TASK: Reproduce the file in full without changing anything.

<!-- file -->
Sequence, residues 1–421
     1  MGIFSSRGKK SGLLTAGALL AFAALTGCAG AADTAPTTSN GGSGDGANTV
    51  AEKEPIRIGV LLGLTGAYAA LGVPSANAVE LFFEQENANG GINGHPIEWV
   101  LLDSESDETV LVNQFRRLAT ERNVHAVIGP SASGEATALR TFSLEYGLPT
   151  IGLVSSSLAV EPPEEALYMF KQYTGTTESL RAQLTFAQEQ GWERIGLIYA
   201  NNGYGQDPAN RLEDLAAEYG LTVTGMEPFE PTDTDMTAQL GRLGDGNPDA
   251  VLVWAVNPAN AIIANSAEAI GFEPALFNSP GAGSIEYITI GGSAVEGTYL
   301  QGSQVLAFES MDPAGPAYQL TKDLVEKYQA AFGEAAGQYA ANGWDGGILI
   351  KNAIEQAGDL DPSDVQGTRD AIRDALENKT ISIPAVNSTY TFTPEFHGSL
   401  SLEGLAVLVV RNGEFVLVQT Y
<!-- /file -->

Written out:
Sequence, residues 1–421
     1  MGIFSSRGKK SGLLTAGALL AFAALTGCAG AADTAPTTSN GGSGDGANTV
    51  AEKEPIRIGV LLGLTGAYAA LGVPSANAVE LFFEQENANG GINGHPIEWV
   101  LLDSESDETV LVNQFRRLAT ERNVHAVIGP SASGEATALR TFSLEYGLPT
   151  IGLVSSSLAV EPPEEALYMF KQYTGTTESL RAQLTFAQEQ GWERIGLIYA
   201  NNGYGQDPAN RLEDLAAEYG LTVTGMEPFE PTDTDMTAQL GRLGDGNPDA
   251  VLVWAVNPAN AIIANSAEAI GFEPALFNSP GAGSIEYITI GGSAVEGTYL
   301  QGSQVLAFES MDPAGPAYQL TKDLVEKYQA AFGEAAGQYA ANGWDGGILI
   351  KNAIEQAGDL DPSDVQGTRD AIRDALENKT ISIPAVNSTY TFTPEFHGSL
   401  SLEGLAVLVV RNGEFVLVQT Y